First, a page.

will be placed.

                      comments_with_nocode  = 0

                      -nc 0

            Indent_Preprocessor: Boolean
                 If true, bcpp will indent preprocessor lines to the indention
                 of  the  C(++)  code. If false, preprocessor lines will be in
                 the   first   column.   Unrecognized   (i.e.,    nonstandard)
                 preprocessor lines are always put into the first column.

            Indent_Exec_Sql: Boolean
                 If  true,  bcpp looks for embedded SQL statements (e.g., EXEC
                 SQL), and formats them specially.

            Leave_Comments_NoCode : Boolean
                 This options  overrides  the  "Comments_With_Nocode"  option.
                 Setting this option On will indent comments that do not occur
                 on the same line as code to the same indention as code.

                      leave_comments_nocode = on

                      -nlcnc (Turn off Leave_Comments_NoCode)
                      -ylcnc (Turn on Leave_Comments_NoCode)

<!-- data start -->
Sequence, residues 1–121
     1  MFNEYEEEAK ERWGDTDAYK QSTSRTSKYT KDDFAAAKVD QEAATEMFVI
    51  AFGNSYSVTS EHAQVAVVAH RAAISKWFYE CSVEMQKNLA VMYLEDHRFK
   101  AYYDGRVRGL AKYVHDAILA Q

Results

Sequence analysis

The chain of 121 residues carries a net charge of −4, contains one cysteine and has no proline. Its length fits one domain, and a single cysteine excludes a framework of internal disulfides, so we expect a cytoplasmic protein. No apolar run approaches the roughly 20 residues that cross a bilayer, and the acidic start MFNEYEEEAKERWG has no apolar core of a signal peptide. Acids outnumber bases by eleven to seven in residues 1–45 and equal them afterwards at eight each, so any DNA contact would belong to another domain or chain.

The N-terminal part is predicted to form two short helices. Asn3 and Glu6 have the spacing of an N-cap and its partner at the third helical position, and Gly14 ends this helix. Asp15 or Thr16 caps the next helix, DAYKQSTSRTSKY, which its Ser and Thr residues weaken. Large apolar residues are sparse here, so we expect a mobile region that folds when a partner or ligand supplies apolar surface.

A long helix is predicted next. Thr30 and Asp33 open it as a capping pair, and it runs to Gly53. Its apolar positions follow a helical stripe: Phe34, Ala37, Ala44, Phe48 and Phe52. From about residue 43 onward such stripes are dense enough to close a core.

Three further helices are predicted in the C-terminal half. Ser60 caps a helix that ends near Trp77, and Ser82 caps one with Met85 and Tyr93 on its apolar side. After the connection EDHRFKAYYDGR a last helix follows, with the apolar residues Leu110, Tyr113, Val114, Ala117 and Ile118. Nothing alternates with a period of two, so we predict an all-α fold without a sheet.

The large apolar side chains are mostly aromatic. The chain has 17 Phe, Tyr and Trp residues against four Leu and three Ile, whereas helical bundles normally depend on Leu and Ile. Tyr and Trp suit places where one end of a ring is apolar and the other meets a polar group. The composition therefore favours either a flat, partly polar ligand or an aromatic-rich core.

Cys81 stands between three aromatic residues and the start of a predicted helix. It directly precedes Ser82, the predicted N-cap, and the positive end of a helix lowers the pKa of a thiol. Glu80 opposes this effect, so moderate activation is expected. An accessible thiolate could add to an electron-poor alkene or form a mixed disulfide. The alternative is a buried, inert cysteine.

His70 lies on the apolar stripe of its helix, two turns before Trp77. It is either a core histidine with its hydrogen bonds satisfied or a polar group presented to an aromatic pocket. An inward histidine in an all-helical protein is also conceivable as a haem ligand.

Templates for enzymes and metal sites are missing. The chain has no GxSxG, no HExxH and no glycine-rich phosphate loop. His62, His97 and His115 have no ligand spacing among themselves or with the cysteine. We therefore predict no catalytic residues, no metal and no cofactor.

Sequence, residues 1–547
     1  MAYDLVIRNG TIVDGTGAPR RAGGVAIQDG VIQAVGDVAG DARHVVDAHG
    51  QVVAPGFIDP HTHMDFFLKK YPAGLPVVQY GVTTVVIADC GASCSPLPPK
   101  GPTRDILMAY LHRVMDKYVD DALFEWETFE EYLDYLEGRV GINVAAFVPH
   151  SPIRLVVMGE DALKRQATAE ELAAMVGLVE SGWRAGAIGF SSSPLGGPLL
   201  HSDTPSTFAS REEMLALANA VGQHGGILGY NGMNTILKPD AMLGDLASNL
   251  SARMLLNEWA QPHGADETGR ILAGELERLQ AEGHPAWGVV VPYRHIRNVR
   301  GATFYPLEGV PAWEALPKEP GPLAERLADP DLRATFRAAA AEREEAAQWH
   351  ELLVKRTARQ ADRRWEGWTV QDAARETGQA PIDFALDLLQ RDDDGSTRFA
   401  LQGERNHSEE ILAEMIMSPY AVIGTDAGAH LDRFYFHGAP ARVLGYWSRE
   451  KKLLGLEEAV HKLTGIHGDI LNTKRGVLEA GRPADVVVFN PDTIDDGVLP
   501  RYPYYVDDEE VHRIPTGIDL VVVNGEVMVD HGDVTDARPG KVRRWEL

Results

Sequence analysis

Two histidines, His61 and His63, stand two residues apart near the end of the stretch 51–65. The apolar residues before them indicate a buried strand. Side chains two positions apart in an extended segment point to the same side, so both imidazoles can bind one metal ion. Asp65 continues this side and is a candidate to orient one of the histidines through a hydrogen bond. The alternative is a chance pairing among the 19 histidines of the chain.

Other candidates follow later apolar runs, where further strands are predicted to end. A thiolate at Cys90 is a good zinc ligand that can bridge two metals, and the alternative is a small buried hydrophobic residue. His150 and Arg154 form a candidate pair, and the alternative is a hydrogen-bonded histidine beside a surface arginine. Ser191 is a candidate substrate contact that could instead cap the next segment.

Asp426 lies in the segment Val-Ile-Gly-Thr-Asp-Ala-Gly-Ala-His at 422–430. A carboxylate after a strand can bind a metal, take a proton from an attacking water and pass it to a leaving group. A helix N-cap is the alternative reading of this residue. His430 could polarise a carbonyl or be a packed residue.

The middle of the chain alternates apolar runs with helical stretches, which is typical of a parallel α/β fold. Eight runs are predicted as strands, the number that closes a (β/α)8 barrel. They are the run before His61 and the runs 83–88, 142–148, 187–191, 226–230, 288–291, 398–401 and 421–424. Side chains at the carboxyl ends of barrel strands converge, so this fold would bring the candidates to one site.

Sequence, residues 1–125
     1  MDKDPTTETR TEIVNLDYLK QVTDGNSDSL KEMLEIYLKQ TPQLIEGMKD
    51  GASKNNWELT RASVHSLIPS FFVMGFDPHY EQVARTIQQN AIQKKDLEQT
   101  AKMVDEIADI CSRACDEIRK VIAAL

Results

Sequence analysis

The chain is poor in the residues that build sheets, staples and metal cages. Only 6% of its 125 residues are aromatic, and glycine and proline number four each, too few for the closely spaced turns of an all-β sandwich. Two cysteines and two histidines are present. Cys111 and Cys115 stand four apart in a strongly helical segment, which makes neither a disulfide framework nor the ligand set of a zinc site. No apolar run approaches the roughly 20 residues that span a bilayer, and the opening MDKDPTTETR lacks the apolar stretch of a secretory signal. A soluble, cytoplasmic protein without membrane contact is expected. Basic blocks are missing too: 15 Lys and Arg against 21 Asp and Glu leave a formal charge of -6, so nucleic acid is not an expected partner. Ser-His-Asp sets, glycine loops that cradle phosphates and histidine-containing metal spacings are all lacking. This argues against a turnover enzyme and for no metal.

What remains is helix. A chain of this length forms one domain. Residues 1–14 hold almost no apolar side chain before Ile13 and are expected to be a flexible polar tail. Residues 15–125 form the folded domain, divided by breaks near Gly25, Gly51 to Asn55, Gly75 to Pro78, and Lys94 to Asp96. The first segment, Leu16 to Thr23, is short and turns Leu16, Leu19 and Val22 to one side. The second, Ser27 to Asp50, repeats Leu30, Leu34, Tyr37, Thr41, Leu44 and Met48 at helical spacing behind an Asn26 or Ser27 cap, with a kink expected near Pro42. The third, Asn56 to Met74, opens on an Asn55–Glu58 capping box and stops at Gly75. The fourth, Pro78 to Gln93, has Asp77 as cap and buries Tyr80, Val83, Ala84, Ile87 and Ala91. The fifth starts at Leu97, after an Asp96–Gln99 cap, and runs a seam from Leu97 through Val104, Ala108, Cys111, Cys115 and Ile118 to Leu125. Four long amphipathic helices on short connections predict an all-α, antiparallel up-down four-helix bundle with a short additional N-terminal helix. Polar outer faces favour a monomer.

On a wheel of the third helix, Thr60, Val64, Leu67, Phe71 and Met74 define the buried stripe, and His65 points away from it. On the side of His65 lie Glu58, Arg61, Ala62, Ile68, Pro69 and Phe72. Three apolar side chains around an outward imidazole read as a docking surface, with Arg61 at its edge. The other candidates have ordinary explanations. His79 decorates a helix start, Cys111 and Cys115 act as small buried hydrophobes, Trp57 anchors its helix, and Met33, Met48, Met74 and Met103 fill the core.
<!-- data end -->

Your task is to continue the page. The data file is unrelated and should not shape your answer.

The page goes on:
NonAscii_Quotes_To_Octal : Boolean
                 Use this option to change non-ASCII (non-printable) chars  to
                 octal notation if they lie within quotes. This parameter does
                 not  take  effect  unless  either  the  Ascii_Chars_Only   or
                 Leave_Graphic_Chars parameters have been set.

                      NonAscii_Quotes_to_Octal = no

                      -nq  (Turn off non-ascii chars in quotes to octal)
                      -yq  (Turn on non-ascii chars in quotes to octal)

            Leave_Graphic_Chars : Boolean
                 Setting  this  parameter  to  yes  will  strip  non-printable
                 characters from the source file,  but  leave  any  characters
                 that  are  IBM  graphics  alone. Any non-printable characters
                 that   lie   within   quotes   will   be   transformed   into
                 octal/character    notation,    if   NonAscii_Quotes_To_Octal
                 parameter is set to True.

                      leave_graphic_chars      = yes


            Ascii_Chars_Only : Boolean
                 Setting this parameter to yes will strip  any  non-printable,
                 non-ASCII  characters  from the input file. Any non-printable
                 characters that lie within quotes will  be  transformed  into
                 octal/character  notation  if NonAscii_Quotes_To_Octal is set
                 to  True.  Comment  out  this  parameter  if  you  are  using
                 Leave_Graphic_Chars   parameter,   as   this  parameter  will
                 override it.

                      ascii_chars_only         = yes

                      -na  (Do not remove non-ASCII characters)
                      -ya  (Yes remove non-ASCII characters)

            Place_Brace_On_New_Line : Boolean
                 When set to ’on’ bcpp will place opening braces on new  lines